Well when we eat carbs, they get broken down into glucose and from there they get stored as glycogen primarily in the muscles and liver. When we do strength training we use glycogen primarily from our muscle storages but since strength training includes rest in between sets, we don’t use a ton of what we have stored.

Endurance training on the other hand is typically non stop work which we need constant fuel for over the course of 30-90 minutes or sometimes even longer.

If our glycogen storages are low then they will deplete quickly which will cause us to fatigue out much faster.

So before any of my running, swimming, or biking practice, I’ll have a small packet of oatmeal with a tbsp of almond butter and a matcha late which comes out to about 45g of carbohydrates.

Question #4: “What distance of a run classifies as something that I should probably fuel up for vs. something that I can do without the extra cals?

I also tested this out. I signed up for a running class every Sunday morning at the start of my training. The first 3 weeks before practice I would have my oatmeal breakfast and week 4 I decided to see if I could exert the same amount of work and not feel fatigued during practice. What I noticed was that I completed the practice just fine but a few hours later I felt way more tired than I had the weeks prior. At that point my glycogen storages we’re just too low so I can avoid that by making sure I’m fueling up properly before each practice.

Before a 30 minute endurance workout it’s good to aim for 25-30g of carbs while it’s better to actually carb load days prior to practice for any endurance training that will last 90 minutes or longer.

Question #5: “Do I need protein and carbs after or just protein? What’s up with having fat before or after my workout?”

To understand what would be most ideal after your workout it’s important to look at what kind of exercise you did and what your body did in order to fuel you for that. So remember that in a strength training workout, you definitely used glycogen but not quite as much as you would have had you done a 1 hour endurance workout. Also, you broke down a little but of protein so post workout would ideally be something that refuels your glycogen storages and helps to build up that broken down muscle.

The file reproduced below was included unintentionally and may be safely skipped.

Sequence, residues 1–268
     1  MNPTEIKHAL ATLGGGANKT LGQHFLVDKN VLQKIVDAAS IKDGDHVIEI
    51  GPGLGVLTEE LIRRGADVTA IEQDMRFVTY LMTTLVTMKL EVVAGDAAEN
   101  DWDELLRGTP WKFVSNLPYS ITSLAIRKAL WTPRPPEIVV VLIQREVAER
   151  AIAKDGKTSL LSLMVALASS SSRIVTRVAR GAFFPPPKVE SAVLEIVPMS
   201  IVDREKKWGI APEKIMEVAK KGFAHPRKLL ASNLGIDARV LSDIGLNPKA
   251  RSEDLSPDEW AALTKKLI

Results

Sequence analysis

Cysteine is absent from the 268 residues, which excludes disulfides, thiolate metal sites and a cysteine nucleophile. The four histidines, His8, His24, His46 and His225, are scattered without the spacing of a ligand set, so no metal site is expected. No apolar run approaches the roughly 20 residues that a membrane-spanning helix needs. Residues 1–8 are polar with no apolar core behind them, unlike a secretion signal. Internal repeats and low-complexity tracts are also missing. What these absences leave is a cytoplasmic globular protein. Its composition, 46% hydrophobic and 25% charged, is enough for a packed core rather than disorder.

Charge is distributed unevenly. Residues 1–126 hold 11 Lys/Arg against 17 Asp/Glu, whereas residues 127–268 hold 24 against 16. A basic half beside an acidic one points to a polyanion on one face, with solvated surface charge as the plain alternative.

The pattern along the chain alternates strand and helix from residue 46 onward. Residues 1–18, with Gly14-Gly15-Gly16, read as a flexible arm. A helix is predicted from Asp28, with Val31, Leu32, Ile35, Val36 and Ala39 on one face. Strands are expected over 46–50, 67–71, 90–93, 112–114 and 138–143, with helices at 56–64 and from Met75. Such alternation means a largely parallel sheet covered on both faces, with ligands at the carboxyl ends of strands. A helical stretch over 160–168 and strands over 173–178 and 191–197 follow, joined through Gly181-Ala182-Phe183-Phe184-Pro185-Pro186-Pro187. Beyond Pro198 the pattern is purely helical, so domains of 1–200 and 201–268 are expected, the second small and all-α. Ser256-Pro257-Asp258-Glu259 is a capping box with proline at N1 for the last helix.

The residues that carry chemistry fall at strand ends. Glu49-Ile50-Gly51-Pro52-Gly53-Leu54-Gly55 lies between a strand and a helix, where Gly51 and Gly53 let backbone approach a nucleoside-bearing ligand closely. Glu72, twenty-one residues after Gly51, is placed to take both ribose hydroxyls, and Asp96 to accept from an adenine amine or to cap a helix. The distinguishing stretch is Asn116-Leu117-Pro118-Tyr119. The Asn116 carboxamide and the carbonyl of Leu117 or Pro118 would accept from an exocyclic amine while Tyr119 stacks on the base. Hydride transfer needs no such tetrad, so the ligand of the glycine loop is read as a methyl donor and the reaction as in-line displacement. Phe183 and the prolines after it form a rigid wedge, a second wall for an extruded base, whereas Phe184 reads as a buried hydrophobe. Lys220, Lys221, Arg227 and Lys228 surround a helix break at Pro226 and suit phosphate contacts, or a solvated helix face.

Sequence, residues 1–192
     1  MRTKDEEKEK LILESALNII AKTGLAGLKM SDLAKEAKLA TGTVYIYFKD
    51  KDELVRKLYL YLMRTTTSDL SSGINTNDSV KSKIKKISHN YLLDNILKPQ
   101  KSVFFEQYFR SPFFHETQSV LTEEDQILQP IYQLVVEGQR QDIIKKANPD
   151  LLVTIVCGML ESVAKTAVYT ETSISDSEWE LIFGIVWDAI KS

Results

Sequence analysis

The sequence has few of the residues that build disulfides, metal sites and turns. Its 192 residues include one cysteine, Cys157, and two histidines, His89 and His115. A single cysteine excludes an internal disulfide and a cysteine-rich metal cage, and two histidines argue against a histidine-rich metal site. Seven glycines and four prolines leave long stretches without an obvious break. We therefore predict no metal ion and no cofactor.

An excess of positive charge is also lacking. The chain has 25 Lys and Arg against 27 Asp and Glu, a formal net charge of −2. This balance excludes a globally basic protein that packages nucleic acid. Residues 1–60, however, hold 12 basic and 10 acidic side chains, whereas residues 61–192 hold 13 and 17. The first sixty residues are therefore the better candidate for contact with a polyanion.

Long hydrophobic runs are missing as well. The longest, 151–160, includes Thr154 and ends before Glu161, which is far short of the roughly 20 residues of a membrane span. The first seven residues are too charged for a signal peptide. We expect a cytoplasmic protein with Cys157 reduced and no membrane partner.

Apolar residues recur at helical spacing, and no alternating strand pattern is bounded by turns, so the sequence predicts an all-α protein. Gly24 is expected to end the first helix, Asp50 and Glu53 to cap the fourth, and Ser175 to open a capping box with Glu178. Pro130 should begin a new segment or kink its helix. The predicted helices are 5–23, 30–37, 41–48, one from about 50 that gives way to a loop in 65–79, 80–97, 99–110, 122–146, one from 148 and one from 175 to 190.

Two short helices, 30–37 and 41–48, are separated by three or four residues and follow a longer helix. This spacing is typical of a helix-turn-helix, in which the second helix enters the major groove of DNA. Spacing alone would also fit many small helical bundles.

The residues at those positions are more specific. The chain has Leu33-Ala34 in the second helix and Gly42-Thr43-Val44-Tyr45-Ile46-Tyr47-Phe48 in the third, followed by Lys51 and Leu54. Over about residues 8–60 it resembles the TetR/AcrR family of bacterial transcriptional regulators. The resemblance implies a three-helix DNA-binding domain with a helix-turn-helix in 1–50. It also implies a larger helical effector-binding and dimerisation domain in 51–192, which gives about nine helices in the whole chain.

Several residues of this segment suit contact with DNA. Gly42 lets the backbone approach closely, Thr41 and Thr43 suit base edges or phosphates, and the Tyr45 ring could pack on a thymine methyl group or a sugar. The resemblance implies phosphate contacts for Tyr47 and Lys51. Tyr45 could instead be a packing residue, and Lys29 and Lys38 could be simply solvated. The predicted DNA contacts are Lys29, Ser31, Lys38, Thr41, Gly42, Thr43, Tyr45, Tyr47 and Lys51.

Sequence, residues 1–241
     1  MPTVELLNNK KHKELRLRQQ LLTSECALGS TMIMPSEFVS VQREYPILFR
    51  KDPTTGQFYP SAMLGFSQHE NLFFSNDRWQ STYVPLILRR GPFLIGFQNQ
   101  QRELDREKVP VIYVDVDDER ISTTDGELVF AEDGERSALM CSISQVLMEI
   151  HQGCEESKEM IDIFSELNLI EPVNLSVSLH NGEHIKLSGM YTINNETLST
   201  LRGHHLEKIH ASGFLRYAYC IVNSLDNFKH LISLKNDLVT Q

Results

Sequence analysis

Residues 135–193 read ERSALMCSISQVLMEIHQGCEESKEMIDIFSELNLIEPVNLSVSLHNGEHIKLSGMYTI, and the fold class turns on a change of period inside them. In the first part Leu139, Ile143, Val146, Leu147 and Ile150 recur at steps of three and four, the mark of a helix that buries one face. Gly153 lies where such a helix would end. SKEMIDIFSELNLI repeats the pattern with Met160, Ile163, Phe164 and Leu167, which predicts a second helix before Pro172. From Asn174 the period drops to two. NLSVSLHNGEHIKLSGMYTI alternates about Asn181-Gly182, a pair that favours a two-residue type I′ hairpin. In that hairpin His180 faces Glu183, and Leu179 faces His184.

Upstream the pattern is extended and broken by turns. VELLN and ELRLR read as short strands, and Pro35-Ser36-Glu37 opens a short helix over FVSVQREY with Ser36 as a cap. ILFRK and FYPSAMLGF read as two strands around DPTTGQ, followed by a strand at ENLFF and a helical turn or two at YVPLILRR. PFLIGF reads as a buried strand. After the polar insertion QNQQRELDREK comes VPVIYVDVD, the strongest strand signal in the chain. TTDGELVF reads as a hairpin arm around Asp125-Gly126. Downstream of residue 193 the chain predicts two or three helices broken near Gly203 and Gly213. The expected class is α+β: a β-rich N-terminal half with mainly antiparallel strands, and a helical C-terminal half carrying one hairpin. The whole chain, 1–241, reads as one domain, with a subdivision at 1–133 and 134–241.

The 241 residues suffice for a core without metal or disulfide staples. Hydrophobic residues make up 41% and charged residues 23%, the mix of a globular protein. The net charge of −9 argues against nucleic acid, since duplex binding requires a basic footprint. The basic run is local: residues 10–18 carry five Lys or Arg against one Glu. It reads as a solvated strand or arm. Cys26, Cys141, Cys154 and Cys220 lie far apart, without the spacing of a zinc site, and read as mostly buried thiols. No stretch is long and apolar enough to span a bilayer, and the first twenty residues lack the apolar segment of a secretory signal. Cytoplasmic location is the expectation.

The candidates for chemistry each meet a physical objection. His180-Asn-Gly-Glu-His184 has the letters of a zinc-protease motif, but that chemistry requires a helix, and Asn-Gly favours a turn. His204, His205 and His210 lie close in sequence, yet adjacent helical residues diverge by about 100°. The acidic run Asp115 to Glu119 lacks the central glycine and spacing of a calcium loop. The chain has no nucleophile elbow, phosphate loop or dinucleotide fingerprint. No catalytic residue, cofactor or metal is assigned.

According to this article on HealthLine, Studies have shown that ingesting 20–40 grams of protein seems to maximize the body’s ability to recover after exercise (6Trusted Source8Trusted Source9Trusted Source).

Consuming 0.5–0.7 grams of carbs per pound (1.1–1.5 grams/kg) of body weight within 30 minutes after training results in proper glycogen resynthesis (1Trusted Source).

Furthermore, insulin secretion, which promotes glycogen synthesis, is better stimulated when carbs and protein are consumed at the same time (10Trusted Source11Trusted Source12Trusted Source13Trusted Source).

If you plan on working out again later that same day then you would want to have more carbs than usual after your first workout. So for example if you’re going to do a 30 minute run in the am, you’d want to have 25-30g of carbs before your run. Afterwards you would go for 20g of protein + 80-100g of carbs instead of just 50-60g. This way you replenish from workout 1 and fuel up for workout 2.

As far as fat goes – it’s not highly recommended to consume a lot of fat after a workout because it slows down the absorption of the other nutrients you’re having BUT it doesn’t reduce the benefits. But I just feel like the faster I can replenish – the better, so I stick to a very small amount of fat in my post workout meal.


Now before you go and get all excited about extra carbs – remember that things like sweet potatoes, fruit, oatmeal and quinoa are all great sources of carbohydrates. This doesn’t mean you should just start downing donuts and pasta everyday! Haha even though that sounds ideal. Enjoy your cheat meals as your normally would and go for low cal, high carb options for training so you can hit your calorie AND macro goal.

There’s definitely a benefit to paying attention to these things instead of just winging it. Like I said, I’ve noticed ever since I’ve upped my training and have been food logging that my body is starting to lean out and I have enough energy to get through all of my workouts.

Let me know if theres anything else you have questions about or would want me to cover! Excited to continue this training!